John Edwards' defense attacks aide's credibility

Reuters News
Posted: Apr 25, 2012 7:43 PM
John Edwards' defense attacks aide's credibility

By Colleen Jenkins

GREENSBORO, North Carolina (Reuters) - Former U.S. Senator John Edwards' defense on Wednesday accused an ex-aide of lying about critical facts in the federal campaign finance prosecution stemming from Edwards' failed 2008 presidential bid.

Andrew Young, who wrote a tell-all book about efforts to hide Edwards' pregnant mistress during the campaign, is now the government's key witness. He denied being untruthful, but admitted having described his former boss as "despicable."

"You really hate him, don't you?" defense attorney Abbe Lowell asked.

"I have mixed feelings," said Young, who was granted immunity by the government in exchange for his cooperation and truthful testimony.

Young and his family spent months on the run helping to shield Edwards' mistress Rielle Hunter from the media as the candidate, then a married father of three, sought the 2008 Democratic presidential nomination.

At Edwards' request, Young, who also was married, falsely claimed paternity of Hunter's child and solicited more than $900,000 from two wealthy donors to conceal the affair and pregnancy and avoid destroying Edwards' campaign, Young said.

Edwards, 58, faces possible prison time if convicted of federal election law violations, including charges of conspiracy, accepting illegal campaign contributions and making false statements.

He is standing trial in Greensboro, North Carolina, the state where he was elected as a senator in 1998 after a successful career as a trial lawyer.

Edwards and Young once were close friends. But as the cross-examination of Young got underway on Wednesday, the defense attacked the former campaign aide's character and credibility, aiming to poke holes in his version of events.

Lowell accused Young of exaggerating stories about Hunter to help sell his 2010 book, "The Politician." The attorney said Young made up other details entirely.

Lowell pointed out multiple discrepancies between Young's testimony, past public appearances and the book, which Young already has admitted contains falsehoods.

The former aide disagreed that he had used Edwards' affair and political downfall to secure financial success and prestige after his hopes of riding Edwards' coattails to the White House were dashed.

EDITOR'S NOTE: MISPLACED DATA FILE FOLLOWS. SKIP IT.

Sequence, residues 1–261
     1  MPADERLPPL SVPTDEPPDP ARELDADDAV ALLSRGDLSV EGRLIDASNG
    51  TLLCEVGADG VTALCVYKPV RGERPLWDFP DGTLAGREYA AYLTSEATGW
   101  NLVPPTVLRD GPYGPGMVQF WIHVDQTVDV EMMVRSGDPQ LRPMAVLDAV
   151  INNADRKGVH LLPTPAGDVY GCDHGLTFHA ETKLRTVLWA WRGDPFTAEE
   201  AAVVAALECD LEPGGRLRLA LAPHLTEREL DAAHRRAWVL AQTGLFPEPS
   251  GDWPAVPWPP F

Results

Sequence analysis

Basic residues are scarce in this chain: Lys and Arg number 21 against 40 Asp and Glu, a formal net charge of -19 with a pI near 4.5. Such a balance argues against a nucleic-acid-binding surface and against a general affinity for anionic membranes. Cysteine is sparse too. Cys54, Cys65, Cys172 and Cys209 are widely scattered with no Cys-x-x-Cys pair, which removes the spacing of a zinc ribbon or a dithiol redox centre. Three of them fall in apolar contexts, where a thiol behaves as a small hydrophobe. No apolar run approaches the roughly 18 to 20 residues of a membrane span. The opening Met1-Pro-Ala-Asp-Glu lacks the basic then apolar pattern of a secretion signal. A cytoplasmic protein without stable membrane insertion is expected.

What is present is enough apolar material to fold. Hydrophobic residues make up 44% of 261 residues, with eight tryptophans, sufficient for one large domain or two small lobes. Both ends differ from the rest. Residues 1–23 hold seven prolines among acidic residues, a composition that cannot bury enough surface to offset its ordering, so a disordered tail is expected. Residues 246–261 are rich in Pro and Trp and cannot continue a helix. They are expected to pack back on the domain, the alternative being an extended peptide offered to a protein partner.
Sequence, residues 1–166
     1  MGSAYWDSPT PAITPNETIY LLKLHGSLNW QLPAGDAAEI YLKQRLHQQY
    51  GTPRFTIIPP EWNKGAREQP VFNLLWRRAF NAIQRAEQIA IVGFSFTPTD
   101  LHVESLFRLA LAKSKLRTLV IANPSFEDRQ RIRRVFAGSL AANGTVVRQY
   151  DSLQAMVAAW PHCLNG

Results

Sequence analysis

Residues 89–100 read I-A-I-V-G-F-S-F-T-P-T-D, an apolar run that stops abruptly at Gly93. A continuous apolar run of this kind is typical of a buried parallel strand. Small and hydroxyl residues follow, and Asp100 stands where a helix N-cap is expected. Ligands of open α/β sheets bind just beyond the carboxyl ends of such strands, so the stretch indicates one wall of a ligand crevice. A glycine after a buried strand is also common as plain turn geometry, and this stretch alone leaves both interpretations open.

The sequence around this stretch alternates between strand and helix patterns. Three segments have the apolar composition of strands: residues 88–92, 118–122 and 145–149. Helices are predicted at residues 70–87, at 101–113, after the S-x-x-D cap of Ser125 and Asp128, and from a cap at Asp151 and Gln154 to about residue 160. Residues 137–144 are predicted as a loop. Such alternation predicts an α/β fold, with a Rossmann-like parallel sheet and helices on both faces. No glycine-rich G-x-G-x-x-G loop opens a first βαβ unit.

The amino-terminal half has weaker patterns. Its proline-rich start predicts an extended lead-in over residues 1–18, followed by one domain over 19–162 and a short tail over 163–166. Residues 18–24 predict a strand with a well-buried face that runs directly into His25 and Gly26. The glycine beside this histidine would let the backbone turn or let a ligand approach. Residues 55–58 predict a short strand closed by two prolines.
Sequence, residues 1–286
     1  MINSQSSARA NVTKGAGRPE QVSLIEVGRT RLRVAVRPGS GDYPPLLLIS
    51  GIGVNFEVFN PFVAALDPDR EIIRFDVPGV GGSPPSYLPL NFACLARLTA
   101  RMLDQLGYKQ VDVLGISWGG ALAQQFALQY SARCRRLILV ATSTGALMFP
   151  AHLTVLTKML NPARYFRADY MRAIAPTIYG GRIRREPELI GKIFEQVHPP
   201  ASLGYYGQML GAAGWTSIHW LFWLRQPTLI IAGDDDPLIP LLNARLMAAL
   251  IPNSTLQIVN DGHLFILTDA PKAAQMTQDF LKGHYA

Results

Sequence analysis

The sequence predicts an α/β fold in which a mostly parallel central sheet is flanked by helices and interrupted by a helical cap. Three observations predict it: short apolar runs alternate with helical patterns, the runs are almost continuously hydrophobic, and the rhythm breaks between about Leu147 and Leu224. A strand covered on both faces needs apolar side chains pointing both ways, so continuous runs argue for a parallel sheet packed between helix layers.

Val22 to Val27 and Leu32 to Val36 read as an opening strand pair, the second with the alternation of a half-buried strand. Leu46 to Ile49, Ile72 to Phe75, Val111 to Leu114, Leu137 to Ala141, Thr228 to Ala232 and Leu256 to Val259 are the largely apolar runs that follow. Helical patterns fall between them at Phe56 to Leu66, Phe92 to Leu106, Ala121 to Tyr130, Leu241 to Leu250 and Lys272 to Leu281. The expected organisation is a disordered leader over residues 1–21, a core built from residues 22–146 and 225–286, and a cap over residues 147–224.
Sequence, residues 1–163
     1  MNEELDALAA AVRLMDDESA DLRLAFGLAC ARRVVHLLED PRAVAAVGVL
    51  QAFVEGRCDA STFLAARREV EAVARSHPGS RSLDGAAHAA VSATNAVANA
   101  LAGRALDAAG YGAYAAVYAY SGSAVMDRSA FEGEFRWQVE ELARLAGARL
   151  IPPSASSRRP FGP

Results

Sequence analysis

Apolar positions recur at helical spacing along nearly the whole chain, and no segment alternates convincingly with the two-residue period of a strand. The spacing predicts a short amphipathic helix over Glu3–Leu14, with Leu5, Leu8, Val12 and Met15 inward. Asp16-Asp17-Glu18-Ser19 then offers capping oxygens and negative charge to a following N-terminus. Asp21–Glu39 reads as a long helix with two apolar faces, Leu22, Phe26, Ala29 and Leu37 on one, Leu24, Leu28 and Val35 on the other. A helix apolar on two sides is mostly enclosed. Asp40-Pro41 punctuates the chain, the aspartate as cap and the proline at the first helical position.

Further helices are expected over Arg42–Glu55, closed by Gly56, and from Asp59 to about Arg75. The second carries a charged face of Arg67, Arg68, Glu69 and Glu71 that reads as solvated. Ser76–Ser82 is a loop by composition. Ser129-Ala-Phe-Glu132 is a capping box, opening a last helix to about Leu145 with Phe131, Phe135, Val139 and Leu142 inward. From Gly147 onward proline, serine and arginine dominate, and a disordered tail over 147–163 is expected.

Earlier on Wednesday, Young described to jurors Edwards' response when Young threatened to expose him during a final, contentious encounter in August 2008.

"You can't hurt me, Andrew," Edwards said, according to Young's testimony. "You can't hurt me."

Young said the conversation took place on a country road in North Carolina near the former senator's home. As the two men sat in an SUV off the road, Edwards denied knowing anything about the payments from the two donors, according to Young.

"He was very nervous, and he was sweating," Young testified. "He was acting very oddly. It was surreal."

Edwards, twice a presidential candidate and the Democrats' vice presidential nominee in 2004, shook his head at times during Young's testimony.

Young said one of the wealthy donors, Fred Baron, told him Young's role in helping to conceal Hunter from the public was crucial to Edwards' political ambitions.

Edwards had repeatedly denied reports that he was cheating on his cancer-stricken wife, Elizabeth, who died in 2010.

Young and his family traveled with Hunter to luxury locations in Florida, Colorado and California, riding in private jets and staying at fancy hotels and homes paid for by Baron. Young said Hunter, who gave birth to a daughter in February 2008, used the assumed name Jaya James.

Hunter for a time had worked as a videographer for Edwards' campaign but lost her job after Elizabeth Edwards found out about the affair, Young said.

The defense disputed that account, saying Hunter's contract simply ended and she was not an employee of the official campaign.

Young said he went along with the plan to get money from Baron and heiress Rachel "Bunny" Mellon because he believed John Edwards should be president. After Edwards dropped out of the race, Young still hoped to get a job at a foundation Edwards wanted to create to tackle poverty issues.

But he grew angry when Edwards refused to come clean about fathering a child with Hunter and clear Young's name. Young said his reputation was badly damaged, hurting his chances for future employment.

At his final meeting with Edwards, Young said he threatened to reveal the truth if Edwards did not do it himself. Prosecutors presented voicemail recordings and emails that Young saved to back his account of the cover-up.

(Reporting by Colleen Jenkins; Editing by Doina Chiacu and Lisa Shumaker)